Burton insisted that all artist decorated pieces were marked with the artist’s name. All pieces, even plain glazes, were stamped with a factory mark, year of potting and many also had a shape number.

Whilst Pilkington’s pottery was unique there was a price to pay and that was the high cost of production. The firing of lustre pieces is not a precise science even now. It was much more variable when the company began. The cost of Pilkington's most expensive pottery pieces would be beyond the pocket of many people. They relied upon sales of their ordinary wares to middle class homes and their lustre wares to more affluent patrons. An ordinary vase would be almost a week’s wage and the bigger lustres equal to a month’s wage.

After the First World War sales became slower and several of the artists left. However, in 1928 the discovery of a new glaze had the short-term effect of lifting production. Lapis ware was so named after the appearance it had of Lapis Lazuli.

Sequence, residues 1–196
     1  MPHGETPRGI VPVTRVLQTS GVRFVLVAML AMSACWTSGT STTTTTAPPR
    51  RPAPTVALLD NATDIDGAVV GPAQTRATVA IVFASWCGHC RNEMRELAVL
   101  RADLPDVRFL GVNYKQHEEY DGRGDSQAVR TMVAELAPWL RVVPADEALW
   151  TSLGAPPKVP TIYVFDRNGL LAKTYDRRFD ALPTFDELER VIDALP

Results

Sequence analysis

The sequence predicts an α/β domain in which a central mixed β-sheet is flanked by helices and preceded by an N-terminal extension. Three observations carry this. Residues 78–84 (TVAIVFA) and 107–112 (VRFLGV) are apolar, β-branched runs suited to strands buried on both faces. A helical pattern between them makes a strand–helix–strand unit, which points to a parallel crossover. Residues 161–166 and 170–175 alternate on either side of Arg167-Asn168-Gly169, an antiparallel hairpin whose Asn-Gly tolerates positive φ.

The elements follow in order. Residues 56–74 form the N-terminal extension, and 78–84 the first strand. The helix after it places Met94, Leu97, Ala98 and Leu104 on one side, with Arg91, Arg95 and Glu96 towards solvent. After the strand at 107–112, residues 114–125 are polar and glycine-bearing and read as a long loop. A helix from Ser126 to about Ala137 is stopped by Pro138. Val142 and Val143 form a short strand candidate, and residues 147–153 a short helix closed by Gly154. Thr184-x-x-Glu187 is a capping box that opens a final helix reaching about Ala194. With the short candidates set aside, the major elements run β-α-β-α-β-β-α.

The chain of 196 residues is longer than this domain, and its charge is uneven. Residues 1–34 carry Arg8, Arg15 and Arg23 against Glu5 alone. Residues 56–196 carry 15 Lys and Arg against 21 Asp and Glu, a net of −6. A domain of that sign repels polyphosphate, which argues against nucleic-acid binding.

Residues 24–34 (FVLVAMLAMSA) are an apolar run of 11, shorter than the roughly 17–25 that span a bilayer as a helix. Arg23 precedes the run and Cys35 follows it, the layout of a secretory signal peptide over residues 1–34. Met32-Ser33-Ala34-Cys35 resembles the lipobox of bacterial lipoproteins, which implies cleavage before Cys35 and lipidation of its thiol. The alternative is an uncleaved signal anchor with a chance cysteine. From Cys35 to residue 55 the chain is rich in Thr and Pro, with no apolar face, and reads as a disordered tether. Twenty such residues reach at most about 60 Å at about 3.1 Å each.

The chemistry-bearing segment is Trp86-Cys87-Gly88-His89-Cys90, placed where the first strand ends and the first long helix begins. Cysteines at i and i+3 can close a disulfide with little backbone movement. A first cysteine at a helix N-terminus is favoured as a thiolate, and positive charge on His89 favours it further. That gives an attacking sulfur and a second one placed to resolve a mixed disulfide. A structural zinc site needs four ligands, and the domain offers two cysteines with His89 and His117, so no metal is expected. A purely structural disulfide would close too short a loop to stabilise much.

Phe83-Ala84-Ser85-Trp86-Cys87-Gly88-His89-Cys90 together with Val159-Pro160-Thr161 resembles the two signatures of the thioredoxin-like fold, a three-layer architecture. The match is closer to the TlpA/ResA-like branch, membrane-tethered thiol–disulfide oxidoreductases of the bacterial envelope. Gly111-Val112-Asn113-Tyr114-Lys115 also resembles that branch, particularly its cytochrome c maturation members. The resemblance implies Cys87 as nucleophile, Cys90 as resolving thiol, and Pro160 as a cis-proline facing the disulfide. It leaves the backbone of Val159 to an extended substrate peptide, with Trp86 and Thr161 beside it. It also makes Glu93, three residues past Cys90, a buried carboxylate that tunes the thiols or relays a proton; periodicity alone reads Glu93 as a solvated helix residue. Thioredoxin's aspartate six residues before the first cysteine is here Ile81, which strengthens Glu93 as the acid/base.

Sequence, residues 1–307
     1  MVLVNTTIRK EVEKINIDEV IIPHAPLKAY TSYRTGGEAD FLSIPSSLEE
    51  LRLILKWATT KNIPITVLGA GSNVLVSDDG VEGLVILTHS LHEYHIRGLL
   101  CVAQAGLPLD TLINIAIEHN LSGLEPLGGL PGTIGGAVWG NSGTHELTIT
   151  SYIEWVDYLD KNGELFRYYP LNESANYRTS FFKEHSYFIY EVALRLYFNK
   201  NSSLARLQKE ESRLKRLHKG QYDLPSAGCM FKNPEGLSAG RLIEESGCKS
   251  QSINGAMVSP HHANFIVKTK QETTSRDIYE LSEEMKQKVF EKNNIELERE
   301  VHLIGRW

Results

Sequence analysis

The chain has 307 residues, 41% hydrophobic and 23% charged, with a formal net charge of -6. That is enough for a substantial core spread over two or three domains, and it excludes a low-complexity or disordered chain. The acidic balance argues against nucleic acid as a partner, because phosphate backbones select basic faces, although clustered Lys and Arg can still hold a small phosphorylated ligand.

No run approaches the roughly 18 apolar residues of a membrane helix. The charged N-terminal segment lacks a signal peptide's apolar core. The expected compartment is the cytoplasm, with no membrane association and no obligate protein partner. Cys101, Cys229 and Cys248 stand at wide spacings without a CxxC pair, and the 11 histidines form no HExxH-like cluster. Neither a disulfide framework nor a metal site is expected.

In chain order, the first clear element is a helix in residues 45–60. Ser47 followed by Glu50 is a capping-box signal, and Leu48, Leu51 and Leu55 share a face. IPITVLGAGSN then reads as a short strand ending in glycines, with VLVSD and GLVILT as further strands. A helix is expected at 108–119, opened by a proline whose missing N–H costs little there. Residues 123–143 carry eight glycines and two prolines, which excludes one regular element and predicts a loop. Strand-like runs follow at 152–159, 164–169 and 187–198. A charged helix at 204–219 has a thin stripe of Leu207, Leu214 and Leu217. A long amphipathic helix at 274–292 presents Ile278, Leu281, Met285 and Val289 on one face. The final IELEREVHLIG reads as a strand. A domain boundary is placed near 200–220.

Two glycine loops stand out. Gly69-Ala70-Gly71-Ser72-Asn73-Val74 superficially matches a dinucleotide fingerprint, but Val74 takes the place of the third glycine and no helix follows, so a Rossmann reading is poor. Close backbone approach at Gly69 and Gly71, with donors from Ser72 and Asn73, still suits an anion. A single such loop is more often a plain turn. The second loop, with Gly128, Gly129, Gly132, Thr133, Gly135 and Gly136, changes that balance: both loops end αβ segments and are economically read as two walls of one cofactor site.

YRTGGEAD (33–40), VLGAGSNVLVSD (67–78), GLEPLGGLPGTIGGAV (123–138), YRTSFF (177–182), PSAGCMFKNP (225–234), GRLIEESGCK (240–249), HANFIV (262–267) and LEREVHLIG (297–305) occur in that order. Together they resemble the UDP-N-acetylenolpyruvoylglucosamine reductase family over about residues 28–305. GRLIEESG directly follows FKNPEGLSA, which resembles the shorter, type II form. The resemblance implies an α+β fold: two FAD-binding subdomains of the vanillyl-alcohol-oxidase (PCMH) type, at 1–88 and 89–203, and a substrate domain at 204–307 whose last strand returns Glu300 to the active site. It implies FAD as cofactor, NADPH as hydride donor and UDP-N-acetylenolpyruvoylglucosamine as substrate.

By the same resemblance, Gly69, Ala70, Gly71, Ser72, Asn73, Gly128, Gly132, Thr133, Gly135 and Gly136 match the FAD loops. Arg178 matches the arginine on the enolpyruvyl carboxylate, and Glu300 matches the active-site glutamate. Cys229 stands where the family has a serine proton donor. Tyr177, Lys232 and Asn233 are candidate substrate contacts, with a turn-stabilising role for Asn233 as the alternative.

Lapis was an entirely different glaze. The colours of lapis are soft and the edges of patterns are blurred. Gwladys Rodgers chiefly took up this decoration.

In 1938 the firm closed its pottery production because of falling sales and the loss of particular artists.

Production restarted in 1948 but by then the kilns used to produce lustre ware had been demolished. The new pottery was very much of a 1950s style. Production did not last long and ceased in 1957/8. A last, brief and final attempt in Blackpool was made in 1973 but by then the resemblance to its illustrious past had been lost altogether.

Pilkington’s tiles continued until 2010 when it closed following the economic crash.

A. & B. Corbett 2020